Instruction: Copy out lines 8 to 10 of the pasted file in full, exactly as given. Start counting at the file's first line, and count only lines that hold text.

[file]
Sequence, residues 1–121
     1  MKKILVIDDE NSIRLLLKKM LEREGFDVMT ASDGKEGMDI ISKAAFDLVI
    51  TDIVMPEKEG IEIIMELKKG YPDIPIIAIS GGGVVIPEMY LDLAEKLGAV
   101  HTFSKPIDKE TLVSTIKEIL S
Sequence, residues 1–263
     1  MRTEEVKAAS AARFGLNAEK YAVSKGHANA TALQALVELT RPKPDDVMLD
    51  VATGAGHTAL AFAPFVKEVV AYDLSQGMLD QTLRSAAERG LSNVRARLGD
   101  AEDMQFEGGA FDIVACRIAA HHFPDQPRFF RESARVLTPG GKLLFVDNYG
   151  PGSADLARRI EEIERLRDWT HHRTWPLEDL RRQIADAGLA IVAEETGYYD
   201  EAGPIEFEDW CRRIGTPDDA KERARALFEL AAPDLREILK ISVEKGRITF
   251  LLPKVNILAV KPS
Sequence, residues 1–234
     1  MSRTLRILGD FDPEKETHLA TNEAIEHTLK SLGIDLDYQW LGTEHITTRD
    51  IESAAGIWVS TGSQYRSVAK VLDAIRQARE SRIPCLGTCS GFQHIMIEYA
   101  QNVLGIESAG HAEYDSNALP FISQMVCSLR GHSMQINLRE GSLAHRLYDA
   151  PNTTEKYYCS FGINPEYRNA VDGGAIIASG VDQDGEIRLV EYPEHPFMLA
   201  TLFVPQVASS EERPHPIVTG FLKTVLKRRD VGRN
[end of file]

   101  AEDMQFEGGA FDIVACRIAA HHFPDQPRFF RESARVLTPG GKLLFVDNYG
   151  PGSADLARRI EEIERLRDWT HHRTWPLEDL RRQIADAGLA IVAEETGYYD
   201  EAGPIEFEDW CRRIGTPDDA KERARALFEL AAPDLREILK ISVEKGRITF